The Disappearing Coke Can

The top picture appeared on the front page of the St. Louis Post-Dispatch. It showed amateur photographer Ron Olshwanger celebrating in the office of the paper's managing editor after being awarded the Pulitzer Prize for spot-news photography. The prize had been awarded to him for a picture (the one visible in the foreground) which he had taken the previous year showing a firefighter trying to save a 2-year-old girl. His wife, Sally, could be seen behind him. What couldn't be seen was the can of Diet Coke that had originally sat prominently on the table in front of him.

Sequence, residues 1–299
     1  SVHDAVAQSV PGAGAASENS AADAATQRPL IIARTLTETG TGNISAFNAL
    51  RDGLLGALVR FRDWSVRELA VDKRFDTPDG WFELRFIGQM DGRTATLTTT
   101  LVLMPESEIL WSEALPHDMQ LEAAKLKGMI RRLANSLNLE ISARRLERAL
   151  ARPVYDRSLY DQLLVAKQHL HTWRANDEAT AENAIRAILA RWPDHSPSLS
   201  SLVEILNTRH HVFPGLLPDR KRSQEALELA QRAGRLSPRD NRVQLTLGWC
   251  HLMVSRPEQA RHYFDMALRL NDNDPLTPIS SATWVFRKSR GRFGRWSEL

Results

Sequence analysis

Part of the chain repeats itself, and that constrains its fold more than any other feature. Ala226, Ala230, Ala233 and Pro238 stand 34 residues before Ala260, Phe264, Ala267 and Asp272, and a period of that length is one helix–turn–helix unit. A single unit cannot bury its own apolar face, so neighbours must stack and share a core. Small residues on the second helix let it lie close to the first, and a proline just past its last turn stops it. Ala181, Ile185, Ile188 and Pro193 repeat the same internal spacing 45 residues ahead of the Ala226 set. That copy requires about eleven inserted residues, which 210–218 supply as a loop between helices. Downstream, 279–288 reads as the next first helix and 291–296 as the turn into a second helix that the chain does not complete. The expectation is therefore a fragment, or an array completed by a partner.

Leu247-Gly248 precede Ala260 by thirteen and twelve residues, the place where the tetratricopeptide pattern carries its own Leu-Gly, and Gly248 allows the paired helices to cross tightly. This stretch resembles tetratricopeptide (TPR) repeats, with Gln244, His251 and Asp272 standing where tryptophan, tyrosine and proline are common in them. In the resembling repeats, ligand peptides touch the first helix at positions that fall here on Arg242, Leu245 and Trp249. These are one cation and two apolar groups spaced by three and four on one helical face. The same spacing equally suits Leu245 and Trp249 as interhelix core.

The bottom image is the original version of the photograph, with the can. The significance of the can was that Olshwanger was a teetotaler, so he wasn't celebrating his award with champagne. But an editor at the Post-Dispatch thought the can ruined the composition of the photo, so he ordered its removal. Apparently he meant for the photo editors to remove it by cropping it out (an accepted journalistic practice). Instead, they made it vanish by using a Scitex Machine to digitally delete it.
Links and References
Wheeler, T. (2002). Phototruth or Photofiction? Ethics and Media Imagery in the Digital Age. Lawrence Erlbaum Associates: pgs. 114-115.
Photo Categories: Deleted Details, Photojournalism, 1980-1999

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